Managing diabetes for better health
November is American Diabetes Month and a good reminder that as we head into the holiday season filled with many opportunities to overindulge, it’s vitally important to stay on track with our health.
According to the American Diabetes Association, more than 37 million Americans have diabetes and another 96 million have prediabetes. We owe it to ourselves and our families to learn how to better manage and even prevent this all-too-common disease.
Diabetes is a chronic health condition that affects the body’s ability to turn food into energy. There are three main types of diabetes – type 1, type 2, and gestational.
In type 1 diabetes, the body does not produce insulin. Type 2, the most common form of diabetes, means the body does not use insulin properly. With gestational diabetes, hormones can sometimes block the pregnant mother’s insulin, creating insulin resistance.
The body’s main source of energy comes from the food we eat. Insulin, a hormone made by the pancreas, helps deliver blood sugar (glucose) to your cells to be used as energy.
“When a person has diabetes, their body is not only unable to produce enough insulin to control the amount of blood sugar, but also the insulin that is made is not as effective in helping the body maintain a normal blood sugar level,” commented Paul Abbo, M.D., an internist at Weiss Memorial Hospital with an expertise in diabetes management and treatment.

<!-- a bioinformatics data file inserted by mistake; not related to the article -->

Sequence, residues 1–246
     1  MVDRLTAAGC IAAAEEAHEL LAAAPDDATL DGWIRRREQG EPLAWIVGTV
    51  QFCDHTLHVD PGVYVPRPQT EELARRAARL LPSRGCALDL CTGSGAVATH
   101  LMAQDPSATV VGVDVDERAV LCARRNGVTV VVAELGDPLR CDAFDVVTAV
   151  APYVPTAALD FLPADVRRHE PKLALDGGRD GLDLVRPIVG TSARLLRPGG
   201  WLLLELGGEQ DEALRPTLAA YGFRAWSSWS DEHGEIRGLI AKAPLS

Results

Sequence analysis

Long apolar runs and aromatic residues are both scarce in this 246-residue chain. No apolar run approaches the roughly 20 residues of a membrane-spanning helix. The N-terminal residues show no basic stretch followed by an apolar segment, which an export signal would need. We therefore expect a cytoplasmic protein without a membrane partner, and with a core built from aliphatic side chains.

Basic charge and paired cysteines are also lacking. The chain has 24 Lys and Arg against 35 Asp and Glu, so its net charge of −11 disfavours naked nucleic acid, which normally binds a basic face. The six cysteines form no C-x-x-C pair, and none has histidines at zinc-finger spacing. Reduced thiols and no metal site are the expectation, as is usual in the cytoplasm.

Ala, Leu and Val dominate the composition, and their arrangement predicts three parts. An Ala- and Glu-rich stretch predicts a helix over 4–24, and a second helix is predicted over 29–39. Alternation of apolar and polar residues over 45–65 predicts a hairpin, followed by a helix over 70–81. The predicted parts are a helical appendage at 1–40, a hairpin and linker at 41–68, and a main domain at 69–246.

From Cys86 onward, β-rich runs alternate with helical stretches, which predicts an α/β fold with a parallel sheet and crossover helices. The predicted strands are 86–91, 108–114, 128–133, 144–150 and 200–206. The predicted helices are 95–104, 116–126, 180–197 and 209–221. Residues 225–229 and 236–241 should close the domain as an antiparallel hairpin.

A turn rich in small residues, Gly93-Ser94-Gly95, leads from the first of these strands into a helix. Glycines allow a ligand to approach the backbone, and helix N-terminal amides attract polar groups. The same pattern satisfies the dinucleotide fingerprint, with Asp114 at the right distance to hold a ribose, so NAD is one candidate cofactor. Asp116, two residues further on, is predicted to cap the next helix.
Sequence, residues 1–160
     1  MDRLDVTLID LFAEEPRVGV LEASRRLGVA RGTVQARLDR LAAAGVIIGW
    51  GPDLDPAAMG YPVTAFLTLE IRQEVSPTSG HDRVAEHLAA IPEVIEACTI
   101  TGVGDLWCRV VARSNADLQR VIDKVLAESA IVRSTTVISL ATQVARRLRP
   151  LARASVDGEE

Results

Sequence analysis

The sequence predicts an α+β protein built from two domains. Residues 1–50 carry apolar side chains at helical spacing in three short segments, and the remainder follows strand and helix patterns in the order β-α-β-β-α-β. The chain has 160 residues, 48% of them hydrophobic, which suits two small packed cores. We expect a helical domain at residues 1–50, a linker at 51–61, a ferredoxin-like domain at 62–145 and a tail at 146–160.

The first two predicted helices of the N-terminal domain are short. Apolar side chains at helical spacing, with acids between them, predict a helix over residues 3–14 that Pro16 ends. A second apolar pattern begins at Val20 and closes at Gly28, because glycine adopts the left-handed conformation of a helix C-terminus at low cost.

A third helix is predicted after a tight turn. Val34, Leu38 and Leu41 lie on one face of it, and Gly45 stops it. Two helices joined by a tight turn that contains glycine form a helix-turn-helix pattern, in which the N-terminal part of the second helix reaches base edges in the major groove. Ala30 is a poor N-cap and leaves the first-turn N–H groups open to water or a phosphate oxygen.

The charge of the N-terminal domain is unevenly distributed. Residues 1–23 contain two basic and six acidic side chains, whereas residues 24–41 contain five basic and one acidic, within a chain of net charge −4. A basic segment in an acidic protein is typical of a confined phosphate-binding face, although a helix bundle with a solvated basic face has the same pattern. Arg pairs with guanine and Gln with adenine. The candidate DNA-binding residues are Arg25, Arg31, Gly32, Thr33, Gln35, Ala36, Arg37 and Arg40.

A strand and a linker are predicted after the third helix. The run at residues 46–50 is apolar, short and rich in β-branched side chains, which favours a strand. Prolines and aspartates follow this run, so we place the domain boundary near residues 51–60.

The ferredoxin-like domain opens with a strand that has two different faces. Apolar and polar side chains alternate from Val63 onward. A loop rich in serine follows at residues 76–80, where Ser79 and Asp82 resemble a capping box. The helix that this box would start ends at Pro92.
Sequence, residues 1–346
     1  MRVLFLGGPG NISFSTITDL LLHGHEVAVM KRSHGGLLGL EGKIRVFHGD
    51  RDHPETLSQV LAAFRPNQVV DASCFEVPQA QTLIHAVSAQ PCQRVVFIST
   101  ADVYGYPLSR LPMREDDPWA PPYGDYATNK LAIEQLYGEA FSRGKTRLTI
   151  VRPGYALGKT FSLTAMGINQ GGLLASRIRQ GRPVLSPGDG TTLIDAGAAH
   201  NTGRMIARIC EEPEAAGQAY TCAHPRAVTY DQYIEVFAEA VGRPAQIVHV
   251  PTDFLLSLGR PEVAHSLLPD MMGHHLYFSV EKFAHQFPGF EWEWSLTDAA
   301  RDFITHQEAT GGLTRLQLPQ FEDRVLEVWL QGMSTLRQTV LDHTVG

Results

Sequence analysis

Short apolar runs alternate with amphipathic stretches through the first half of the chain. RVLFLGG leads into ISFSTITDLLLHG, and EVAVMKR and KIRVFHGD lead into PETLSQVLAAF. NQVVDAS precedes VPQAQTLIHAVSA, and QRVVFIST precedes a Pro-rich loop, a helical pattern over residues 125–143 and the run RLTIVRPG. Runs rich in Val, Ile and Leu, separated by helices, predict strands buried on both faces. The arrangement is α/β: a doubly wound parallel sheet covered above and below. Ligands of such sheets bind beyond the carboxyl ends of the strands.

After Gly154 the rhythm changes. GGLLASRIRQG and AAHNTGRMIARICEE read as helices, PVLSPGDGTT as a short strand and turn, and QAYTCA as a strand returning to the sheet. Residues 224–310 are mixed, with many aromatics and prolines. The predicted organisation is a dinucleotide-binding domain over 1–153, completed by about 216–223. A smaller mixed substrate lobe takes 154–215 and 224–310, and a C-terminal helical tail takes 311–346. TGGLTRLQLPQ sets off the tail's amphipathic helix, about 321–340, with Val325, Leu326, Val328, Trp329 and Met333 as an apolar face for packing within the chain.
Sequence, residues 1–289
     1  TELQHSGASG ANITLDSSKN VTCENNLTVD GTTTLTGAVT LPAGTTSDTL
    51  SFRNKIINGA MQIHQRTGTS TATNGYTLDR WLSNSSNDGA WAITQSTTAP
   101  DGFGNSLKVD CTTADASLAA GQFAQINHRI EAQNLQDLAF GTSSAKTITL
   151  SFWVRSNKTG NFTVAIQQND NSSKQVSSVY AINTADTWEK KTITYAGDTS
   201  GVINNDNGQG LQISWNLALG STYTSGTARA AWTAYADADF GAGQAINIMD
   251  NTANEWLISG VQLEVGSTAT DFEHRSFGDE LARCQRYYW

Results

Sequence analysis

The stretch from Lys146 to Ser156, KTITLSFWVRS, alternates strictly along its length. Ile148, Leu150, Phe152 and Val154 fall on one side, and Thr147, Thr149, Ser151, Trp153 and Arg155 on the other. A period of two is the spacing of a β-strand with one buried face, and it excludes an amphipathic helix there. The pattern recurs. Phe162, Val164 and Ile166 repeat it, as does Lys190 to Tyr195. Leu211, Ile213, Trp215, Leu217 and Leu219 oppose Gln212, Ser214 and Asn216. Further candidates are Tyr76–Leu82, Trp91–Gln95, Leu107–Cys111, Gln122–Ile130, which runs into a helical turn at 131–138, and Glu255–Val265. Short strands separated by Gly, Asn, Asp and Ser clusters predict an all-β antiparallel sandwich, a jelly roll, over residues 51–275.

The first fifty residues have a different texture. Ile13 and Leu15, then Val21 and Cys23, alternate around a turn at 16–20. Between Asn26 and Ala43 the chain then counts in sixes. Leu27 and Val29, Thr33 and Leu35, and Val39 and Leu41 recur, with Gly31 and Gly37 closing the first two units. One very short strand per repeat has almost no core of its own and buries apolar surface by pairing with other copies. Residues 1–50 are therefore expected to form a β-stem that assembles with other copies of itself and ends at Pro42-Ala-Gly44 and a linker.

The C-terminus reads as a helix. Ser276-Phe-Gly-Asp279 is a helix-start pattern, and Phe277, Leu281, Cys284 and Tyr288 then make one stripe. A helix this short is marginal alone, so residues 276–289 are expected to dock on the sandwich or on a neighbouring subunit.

Taking steps to manage diabetes is essential to maintaining good health. Over time high blood sugar levels can lead to many serious health conditions, including heart disease, stroke, kidney disease, loss of vision, or painful numbness in the feet.
“Often, these heath conditions are permanent and will not go away even if the blood sugar is subsequently controlled; that’s why preventing them from occurring in the first place is so important,” added Dr. Abbo.
It’s imperative to recognize the common symptoms of diabetes. Frequent urination, extreme thirst, excessive hunger, intense fatigue, blurred vision, changes in weight, and slow healing of cuts and bruises are signs of being diabetic.
If you notice any of these symptoms, it’s important to see your doctor and have your bloodwork done. Diabetes can be diagnosed though simple blood tests.
Dr. Abbo advises the best way to treat diabetes is to stay in shape. “It’s important to maintain good physical fitness; this can be done by walking every day or any other activity that involves moving, such as swimming, or stair stepping. Other ways include seated exercises for those who have trouble getting around on their feet,” he shared.
Eating a healthy diet also is extremely important. “Avoiding processed food and foods that are high in simple carbohydrates can go a long way to helping manage diabetes. Try to keep a diet consisting of a variety of vegetables, fruits, whole grains, nonfat or low-fat dairy, and protein such as lean meat, fish, eggs, nuts, and beans,” said Dr. Abbo.
If your blood sugar remains elevated, there are many effective and safe medications available to treat diabetes. These can include oral medications as well as injected insulin and other types of treatments that can lower the blood sugar to safe levels that will not promote injury to the body’s organs.
By living a healthier lifestyle you’ll not only reduce the chances of developing diabetes, but you’ll keep you blood glucose level in check, lose weight, have more energy, and possibly prevent or delay diabetes-related health concerns.